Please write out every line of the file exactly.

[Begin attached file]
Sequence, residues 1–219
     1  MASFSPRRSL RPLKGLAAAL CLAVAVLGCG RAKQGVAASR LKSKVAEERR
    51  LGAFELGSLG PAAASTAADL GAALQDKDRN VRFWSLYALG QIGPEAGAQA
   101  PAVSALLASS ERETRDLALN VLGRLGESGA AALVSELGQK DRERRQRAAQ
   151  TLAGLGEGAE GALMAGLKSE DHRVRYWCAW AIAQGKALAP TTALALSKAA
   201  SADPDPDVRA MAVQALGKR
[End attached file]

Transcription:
Sequence, residues 1–219
     1  MASFSPRRSL RPLKGLAAAL CLAVAVLGCG RAKQGVAASR LKSKVAEERR
    51  LGAFELGSLG PAAASTAADL GAALQDKDRN VRFWSLYALG QIGPEAGAQA
   101  PAVSALLASS ERETRDLALN VLGRLGESGA AALVSELGQK DRERRQRAAQ
   151  TLAGLGEGAE GALMAGLKSE DHRVRYWCAW AIAQGKALAP TTALALSKAA
   201  SADPDPDVRA MAVQALGKR